Therapists often use cognitive-behavioral therapy (CBT) to treat dependencies or mental illnesses like anxiety and depression. CBT can be effective because it targets thought patterns that are not beneficial to you, reduces residual sadness, and works on techniques to change unhealthy behaviors. When your thoughts change, your words and actions can change as a result. A therapist can help you look for the source of your shopping compulsions or online shopping addiction and offer resources and tools for changing them. Some studies have found that online CBT may be more effective for treating certain mental illnesses than in-person CBT.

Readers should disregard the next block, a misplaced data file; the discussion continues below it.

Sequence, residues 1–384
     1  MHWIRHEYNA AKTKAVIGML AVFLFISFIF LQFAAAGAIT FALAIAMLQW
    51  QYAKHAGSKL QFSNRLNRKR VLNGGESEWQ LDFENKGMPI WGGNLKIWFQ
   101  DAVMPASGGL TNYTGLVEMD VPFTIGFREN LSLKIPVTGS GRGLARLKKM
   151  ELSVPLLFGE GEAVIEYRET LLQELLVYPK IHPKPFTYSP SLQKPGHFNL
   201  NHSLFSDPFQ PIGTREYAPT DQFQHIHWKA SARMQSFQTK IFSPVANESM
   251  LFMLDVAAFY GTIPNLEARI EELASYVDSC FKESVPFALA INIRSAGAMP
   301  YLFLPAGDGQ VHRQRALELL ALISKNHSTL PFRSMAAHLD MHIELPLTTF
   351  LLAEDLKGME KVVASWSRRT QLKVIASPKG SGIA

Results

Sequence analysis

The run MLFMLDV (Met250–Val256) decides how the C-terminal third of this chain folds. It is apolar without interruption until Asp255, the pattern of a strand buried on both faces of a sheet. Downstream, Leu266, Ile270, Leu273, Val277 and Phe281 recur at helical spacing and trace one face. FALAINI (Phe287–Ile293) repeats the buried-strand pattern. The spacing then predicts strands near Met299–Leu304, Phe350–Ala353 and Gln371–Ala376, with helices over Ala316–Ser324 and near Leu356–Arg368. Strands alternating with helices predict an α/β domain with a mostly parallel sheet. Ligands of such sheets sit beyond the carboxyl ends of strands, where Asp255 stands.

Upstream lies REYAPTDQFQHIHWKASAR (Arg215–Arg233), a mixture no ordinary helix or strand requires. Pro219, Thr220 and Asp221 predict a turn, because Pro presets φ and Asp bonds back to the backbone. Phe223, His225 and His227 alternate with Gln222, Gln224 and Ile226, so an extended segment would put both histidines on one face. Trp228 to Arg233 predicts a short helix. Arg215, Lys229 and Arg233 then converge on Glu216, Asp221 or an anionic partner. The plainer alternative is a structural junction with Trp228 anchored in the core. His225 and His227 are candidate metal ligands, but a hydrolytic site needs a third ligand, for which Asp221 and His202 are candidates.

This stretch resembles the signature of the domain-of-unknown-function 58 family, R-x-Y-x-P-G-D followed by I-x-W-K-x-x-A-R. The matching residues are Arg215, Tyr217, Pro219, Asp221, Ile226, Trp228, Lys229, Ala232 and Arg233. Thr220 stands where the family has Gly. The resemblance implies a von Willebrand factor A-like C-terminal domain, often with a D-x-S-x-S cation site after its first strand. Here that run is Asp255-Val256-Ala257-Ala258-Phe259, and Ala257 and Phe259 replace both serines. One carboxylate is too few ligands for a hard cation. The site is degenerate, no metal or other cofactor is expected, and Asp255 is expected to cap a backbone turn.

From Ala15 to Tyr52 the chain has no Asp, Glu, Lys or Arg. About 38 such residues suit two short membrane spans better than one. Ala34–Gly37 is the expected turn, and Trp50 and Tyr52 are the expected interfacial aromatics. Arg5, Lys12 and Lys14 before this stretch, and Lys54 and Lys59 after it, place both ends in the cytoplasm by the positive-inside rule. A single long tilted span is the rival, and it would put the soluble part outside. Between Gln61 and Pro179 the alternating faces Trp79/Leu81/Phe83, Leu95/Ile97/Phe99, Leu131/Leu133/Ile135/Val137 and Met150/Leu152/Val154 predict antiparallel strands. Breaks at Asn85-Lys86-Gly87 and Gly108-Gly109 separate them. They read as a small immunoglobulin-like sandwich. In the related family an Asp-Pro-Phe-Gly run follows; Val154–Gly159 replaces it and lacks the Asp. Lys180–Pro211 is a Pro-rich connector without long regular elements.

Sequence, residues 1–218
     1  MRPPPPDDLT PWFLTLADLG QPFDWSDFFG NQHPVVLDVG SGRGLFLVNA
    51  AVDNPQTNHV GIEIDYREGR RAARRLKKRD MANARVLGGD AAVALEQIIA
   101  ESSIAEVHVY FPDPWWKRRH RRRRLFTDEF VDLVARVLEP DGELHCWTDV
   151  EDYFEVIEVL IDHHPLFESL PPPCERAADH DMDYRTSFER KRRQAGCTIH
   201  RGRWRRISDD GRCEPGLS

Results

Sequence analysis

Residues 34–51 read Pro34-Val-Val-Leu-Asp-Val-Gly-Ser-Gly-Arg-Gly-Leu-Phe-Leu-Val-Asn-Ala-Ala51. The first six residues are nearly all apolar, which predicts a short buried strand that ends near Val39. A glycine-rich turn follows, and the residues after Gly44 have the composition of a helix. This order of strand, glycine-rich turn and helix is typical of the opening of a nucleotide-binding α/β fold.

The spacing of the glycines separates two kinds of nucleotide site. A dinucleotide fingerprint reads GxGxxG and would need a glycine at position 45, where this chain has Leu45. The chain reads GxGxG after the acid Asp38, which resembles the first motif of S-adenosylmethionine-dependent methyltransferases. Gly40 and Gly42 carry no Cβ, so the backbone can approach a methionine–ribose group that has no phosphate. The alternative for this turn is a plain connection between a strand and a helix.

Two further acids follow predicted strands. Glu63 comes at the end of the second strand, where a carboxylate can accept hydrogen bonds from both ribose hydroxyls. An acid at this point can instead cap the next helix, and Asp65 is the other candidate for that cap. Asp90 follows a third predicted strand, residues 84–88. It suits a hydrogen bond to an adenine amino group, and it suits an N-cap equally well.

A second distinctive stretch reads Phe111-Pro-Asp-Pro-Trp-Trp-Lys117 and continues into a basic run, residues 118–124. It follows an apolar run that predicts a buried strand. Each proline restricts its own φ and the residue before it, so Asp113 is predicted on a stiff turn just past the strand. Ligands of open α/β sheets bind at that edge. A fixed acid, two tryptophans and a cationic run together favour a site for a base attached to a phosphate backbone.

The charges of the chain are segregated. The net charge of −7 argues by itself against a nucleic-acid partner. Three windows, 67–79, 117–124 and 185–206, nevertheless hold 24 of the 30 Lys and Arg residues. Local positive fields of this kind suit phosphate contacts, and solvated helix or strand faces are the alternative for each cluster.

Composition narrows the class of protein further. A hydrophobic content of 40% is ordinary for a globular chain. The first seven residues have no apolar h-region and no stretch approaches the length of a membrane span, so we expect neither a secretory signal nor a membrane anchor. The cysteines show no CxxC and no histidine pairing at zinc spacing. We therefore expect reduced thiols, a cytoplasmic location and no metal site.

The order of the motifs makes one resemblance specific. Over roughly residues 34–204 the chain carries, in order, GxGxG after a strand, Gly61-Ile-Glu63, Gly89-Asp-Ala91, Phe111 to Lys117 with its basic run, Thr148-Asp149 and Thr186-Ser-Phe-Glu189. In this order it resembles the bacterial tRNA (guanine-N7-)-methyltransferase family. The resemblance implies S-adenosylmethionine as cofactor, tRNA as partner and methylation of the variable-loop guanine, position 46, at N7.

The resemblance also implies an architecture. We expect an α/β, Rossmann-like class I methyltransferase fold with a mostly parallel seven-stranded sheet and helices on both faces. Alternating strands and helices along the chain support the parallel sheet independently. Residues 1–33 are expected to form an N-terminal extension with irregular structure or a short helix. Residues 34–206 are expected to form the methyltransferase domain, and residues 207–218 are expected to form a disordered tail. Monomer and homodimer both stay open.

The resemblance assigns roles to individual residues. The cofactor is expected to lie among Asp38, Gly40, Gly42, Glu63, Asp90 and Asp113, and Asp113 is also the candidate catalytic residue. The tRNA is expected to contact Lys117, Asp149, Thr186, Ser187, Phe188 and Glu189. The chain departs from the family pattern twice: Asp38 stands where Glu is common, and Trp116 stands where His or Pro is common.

While occasionally purchasing yourself a new item as a treat can be rewarding and healthy, constant shopping to reduce distress or fill an emotional void may cause financial and mental health consequences. Finding ways to curb impulse shopping until they are appropriate can make the shopping you commit to healthier. Consider reaching out to a mental health professional to gain further insight into how to treat these challenges.